Use this URL to cite or link to this record in EThOS: http://ethos.bl.uk/OrderDetails.do?uin=uk.bl.ethos.676955
Title: Negotiated rationalities, politicised identities : intergenerational relations, water conflicts and mining in Chiu–Chiu, Chile
Author: Molina Camacho, Francisco Javier
ISNI:       0000 0004 5368 0273
Awarding Body: King's College London
Current Institution: King's College London (University of London)
Date of Award: 2014
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Abstract:
Much work in political ecology that addresses indigenous people tends to accentuate the ways in which their communities unite around a shared rationality and/or politics when faced by ‘threatening’ outsiders. While providing insight on indigenous lives and struggles, this focus nonetheless tends to preclude a more nuanced appreciation of how indigenous communities may be internally differentiated, and with what effects. Differences may be linked to such things as gender, education, residency, income and age, and these differences may be reflected to a greater or lesser extent in how individuals or groups in a community articulate perspectives on diverse issues including local development and which external actors the community ought to work with. This thesis seeks to contribute to the development of a more nuanced view of indigenous communities and the differences that may characterise them. Drawing on a political ecology perspective, and based on ethnographic fieldwork, it explores perceptions of water use and conflict in the indigenous community of Chiu-Chiu in northern Chile. This community has been severely affected by the massive water demands of large-scale mining – such that traditional agriculture is in jeopardy. Yet how residents respond to this and other changes impacting the village is differentiated, with age-related differences often at the forefront. Indeed, as this thesis shows, intergenerational dynamics have influenced: how individuals view local development and its associated rationality; how community positions are articulated to outsiders, by whom, whether this results in schisms, as well as how far external actors capitalise on them; and how the perceived costs and benefits of local development may be unequally distributed, prompting resistance by some individuals and groups. The thesis concludes with suggestions on how a nuanced understanding of indigenous communities can be elaborated.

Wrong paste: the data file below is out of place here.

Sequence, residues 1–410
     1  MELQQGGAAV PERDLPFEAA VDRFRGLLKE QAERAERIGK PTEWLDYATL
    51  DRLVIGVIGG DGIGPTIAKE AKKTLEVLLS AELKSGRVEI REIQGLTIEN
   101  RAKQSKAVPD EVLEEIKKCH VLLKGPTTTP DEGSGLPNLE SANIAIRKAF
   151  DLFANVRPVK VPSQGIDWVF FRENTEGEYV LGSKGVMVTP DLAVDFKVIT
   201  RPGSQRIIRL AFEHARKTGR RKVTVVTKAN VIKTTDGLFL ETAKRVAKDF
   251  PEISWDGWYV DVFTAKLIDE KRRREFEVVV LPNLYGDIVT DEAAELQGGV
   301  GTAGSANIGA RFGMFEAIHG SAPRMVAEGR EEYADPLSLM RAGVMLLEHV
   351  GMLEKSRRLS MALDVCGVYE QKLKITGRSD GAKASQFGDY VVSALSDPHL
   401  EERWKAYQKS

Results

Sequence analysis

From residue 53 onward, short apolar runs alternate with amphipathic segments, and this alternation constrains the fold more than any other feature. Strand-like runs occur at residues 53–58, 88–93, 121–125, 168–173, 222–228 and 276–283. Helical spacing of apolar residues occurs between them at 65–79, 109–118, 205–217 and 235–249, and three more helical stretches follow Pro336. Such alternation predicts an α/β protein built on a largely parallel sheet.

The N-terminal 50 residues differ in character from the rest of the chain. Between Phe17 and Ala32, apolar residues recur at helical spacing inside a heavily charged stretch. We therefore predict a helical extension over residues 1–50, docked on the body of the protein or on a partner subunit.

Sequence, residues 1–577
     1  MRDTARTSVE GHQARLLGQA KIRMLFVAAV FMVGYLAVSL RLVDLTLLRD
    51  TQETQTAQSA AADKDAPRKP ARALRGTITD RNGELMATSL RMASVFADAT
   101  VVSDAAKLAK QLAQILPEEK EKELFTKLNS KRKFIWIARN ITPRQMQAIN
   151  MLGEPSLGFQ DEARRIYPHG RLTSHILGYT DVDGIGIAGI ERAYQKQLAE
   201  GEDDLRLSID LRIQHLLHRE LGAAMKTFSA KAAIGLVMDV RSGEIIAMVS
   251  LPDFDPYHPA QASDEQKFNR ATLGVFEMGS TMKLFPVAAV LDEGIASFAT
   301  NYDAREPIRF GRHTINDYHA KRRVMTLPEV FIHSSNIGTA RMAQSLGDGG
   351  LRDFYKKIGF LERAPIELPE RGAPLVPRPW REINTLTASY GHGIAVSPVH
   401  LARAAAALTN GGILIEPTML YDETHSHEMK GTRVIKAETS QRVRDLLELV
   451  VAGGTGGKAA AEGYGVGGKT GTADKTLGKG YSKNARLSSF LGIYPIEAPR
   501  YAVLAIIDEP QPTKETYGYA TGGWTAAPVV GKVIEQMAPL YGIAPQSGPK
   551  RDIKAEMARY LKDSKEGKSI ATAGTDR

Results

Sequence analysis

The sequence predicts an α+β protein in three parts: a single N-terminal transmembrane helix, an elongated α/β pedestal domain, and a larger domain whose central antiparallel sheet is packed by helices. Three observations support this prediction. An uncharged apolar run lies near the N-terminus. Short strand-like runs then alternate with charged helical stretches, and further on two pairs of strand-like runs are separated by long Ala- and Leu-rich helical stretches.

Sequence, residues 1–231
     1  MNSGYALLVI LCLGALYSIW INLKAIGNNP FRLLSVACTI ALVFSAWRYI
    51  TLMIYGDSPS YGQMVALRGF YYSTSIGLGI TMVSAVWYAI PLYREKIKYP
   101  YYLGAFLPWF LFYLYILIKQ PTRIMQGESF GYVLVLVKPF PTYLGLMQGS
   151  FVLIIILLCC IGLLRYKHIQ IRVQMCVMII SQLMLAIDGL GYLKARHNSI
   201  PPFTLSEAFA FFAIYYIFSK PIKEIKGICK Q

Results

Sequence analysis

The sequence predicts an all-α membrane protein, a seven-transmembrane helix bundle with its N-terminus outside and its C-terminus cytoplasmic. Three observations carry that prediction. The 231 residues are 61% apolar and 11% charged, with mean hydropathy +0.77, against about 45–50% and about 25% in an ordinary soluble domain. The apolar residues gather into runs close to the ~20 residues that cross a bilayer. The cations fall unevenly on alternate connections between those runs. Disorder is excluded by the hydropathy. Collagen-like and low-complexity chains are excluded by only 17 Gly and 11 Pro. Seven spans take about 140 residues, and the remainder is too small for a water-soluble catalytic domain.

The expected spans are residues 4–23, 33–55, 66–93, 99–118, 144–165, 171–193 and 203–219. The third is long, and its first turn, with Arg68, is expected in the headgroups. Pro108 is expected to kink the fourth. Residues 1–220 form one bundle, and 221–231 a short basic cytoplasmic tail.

Supervisor: Bryant, Raymond Leslie Sponsor: Not available
Qualification Name: Thesis (Ph.D.) Qualification Level: Doctoral
EThOS ID: uk.bl.ethos.676955  DOI: Not available
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